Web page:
What’s striking about fresh is that although it centers around a child and features children in many of its scenes, this is very much an adult themed film.
The story is told from the perspective from 12-year-old Fresh who when we meet him is doing the dirty work for two notorious drug lords while also attending school and living in foster care. He tries to look out for his older sister Nichole as best he can, while trying to satisfy the wishes of his multiple overlords. In the midst of all this, is the strained relationship he has with his father Sam, played by Samuel L. Jackson. Fresh’s father teaches him about chess — and life — and Fresh would later need those lessons in ways he could have never imagined.
I first saw ‘Fresh’ back in 2003 and it was a powerful film to me then and still remains so now years later. Released in 1994, the film really harbors back to a New York City that I vaguely remember as a child and one that has changed quite rapidly in the years since the film’s release. Seeing the old buses, buildings and Manhattan skyline, really helps set the tone for the film.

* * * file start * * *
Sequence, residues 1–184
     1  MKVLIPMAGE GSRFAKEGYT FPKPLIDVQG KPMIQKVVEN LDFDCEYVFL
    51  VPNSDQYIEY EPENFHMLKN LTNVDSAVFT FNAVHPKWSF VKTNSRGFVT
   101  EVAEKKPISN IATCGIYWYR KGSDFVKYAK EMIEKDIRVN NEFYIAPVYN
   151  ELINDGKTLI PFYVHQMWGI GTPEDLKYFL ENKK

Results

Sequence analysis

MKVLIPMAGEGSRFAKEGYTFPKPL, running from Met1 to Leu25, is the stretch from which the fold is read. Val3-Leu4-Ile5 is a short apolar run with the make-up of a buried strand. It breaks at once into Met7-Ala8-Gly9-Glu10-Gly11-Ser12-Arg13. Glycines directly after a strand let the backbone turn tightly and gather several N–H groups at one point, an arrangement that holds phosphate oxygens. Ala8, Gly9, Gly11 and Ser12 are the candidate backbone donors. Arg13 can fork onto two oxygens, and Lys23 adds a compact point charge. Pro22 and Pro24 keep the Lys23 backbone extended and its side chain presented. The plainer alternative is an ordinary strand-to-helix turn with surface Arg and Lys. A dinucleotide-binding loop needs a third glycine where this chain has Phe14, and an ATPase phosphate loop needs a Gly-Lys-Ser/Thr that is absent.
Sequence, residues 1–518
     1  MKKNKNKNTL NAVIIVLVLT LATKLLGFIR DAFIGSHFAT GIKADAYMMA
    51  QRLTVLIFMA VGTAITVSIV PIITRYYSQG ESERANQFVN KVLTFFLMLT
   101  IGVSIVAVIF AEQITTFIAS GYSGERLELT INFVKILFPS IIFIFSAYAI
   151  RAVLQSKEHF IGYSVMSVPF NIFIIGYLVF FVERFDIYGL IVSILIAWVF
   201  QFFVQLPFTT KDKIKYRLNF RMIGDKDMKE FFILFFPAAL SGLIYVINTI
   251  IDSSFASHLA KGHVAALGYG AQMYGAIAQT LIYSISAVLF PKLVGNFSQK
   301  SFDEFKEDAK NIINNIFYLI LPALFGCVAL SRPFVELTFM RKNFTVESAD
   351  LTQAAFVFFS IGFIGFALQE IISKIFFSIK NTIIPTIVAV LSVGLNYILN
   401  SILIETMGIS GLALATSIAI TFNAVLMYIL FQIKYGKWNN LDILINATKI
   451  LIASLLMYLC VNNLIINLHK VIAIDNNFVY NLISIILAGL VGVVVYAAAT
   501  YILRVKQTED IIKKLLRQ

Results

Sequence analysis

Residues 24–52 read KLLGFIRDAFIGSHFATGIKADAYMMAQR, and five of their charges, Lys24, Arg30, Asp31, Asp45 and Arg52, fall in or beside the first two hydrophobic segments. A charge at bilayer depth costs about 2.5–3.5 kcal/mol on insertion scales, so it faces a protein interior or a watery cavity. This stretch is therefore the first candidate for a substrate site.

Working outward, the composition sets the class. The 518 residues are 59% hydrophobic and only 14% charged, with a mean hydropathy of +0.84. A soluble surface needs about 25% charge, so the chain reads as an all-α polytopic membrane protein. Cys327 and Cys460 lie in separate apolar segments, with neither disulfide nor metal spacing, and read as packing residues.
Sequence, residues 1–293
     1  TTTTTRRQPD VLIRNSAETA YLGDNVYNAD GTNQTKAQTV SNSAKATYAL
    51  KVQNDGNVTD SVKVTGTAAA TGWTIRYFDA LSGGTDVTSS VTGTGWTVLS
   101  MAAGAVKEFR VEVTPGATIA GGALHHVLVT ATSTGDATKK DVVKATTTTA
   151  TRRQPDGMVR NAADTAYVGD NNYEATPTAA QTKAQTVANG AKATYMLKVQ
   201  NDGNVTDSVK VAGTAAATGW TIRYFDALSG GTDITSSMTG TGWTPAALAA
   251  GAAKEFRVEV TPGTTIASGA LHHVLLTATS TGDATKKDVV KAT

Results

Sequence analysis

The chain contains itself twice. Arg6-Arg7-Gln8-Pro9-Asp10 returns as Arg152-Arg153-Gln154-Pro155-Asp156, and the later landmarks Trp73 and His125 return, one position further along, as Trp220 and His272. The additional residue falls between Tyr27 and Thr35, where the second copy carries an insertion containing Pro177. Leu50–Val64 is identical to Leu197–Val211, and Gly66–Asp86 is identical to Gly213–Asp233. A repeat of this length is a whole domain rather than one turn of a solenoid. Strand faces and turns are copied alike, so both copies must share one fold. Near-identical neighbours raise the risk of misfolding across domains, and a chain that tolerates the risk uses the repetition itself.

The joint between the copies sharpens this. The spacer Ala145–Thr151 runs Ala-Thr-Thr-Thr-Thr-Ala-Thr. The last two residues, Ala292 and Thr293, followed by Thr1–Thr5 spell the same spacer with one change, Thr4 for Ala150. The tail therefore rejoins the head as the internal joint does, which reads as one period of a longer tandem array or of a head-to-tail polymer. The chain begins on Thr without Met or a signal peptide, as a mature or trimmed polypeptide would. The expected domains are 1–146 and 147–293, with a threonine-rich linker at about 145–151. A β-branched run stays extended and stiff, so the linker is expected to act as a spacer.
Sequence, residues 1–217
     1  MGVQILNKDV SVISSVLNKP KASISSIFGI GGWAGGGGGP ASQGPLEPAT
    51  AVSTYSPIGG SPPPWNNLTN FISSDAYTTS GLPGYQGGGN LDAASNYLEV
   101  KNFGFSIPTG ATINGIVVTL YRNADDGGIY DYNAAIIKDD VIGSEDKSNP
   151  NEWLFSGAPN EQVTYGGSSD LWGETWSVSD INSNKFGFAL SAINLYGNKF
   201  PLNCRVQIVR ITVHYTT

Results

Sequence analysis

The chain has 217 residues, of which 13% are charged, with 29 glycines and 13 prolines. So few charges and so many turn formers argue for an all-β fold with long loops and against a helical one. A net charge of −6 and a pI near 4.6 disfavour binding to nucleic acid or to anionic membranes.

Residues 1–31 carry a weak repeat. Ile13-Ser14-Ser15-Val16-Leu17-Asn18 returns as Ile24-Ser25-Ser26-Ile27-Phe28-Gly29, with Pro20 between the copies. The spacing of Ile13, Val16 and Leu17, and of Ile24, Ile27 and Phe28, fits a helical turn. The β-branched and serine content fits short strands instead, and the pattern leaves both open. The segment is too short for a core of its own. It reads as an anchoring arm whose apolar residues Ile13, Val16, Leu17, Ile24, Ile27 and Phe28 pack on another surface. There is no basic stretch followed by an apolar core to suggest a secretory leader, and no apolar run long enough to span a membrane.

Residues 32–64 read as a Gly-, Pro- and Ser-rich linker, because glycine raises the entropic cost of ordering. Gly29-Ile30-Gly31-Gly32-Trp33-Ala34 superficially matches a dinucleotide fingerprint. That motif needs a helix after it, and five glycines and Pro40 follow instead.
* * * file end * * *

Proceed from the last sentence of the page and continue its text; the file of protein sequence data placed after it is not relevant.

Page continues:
At first glance, ‘Fresh’ might labeled at a typical ‘hood’ film. While there are definitely inner-city elements and themes at play, the characters and story are nevertheless strong throughout. The viewer is able to see love, loss, capitalism, fear, lust, and justice as critical themes in the film. The fact that these themes play out through the eyes of mostly children makes it even more powerful I would say.
This film is definitely worth the watch.